The green bubble-blue bubble divide in chats on your phone will be bridged next year. Apple says it's going to add support for the Rich Communication Services (RCS) standard, which should bring more iMessage-style features to Android users who message with iPhone users.
Apple confirmed its plans in a statement to 9to5Mac, telling the site, "We believe RCS Universal Profile will offer a better interoperability experience when compared to SMS or MMS. This will work alongside iMessage, which will continue to be the best and most secure messaging experience for Apple users."
In other words, iMessage is going to remain the way iPhone users communicate with each other. Apple's move simply means that it's adopting RCS in addition to iMessage.
Apple says RCS support will come in the form of a software update "later next year." We've reached out to Apple for confirmation of its plans and for more details about what the addition of RCS will mean for inter-platform communication.
Google rolled out RCS to Android phones in 2019, allowing messages and images to be sent simultaneously — something not possible with the SMS and MMS standards. But since Apple never bought into RCS before now, messages between iPhones and Android defaulted to MMS, leading to a less-than-fulfilling experience with inter-platform communications.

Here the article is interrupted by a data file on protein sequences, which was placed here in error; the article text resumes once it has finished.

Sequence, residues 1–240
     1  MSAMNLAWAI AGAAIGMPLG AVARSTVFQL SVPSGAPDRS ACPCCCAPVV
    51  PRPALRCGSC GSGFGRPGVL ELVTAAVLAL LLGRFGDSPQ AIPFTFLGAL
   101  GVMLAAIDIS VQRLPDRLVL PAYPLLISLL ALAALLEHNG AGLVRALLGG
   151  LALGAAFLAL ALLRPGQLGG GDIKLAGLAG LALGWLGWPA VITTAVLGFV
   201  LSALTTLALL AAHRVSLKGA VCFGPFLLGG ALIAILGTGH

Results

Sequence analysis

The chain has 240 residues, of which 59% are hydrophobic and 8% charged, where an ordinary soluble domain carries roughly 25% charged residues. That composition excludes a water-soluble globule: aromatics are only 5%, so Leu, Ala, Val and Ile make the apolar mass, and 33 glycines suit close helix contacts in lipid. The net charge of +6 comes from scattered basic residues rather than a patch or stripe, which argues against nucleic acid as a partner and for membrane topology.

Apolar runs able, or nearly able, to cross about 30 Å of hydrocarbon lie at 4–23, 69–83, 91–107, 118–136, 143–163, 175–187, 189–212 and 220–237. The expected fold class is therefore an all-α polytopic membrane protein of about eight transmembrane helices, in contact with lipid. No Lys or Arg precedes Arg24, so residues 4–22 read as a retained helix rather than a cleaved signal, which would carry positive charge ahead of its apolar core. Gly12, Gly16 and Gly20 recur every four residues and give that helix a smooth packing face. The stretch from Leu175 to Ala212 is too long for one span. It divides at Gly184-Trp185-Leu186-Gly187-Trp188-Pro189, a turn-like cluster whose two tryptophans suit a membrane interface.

A big about-face for Apple
To say that Apple's sudden adoption of RCS is a surprise would be an understatement. As recently as last year, Apple CEO Tim Cook's response when pressed on the cross-platform messaging experience was to encourage people to "buy your mom an iPhone."
“I don’t hear our users asking that we put a lot of energy in on that at this point,” Cook said during the Code 2022 event when pressed on RCS support.
Apple has incentive to adopt RCS sooner than later, as the European Union has been calling for Apple to open up iMessage as part of the Digital Markets Act.
Why RCS is on iPhone is a big deal
Adding RCS support should enable features like typing indicators, read receipts and other niceties iMessage users take for granted when communicating with each other. 9to5Google reports that users will also be able to share location data with others in text threads once RCS support arrives on the iPhone.
Apple has had some security concerns with RCS, citing the fact that iMessage offers end-to-end encryption. This past summer, Google said it was making all RCS messages end-to-end encrypted by default, though RCS-to-iMessage texts aren't end-to-end encrypted. It's unclear if that will change once RCS support arrives on the iPhone.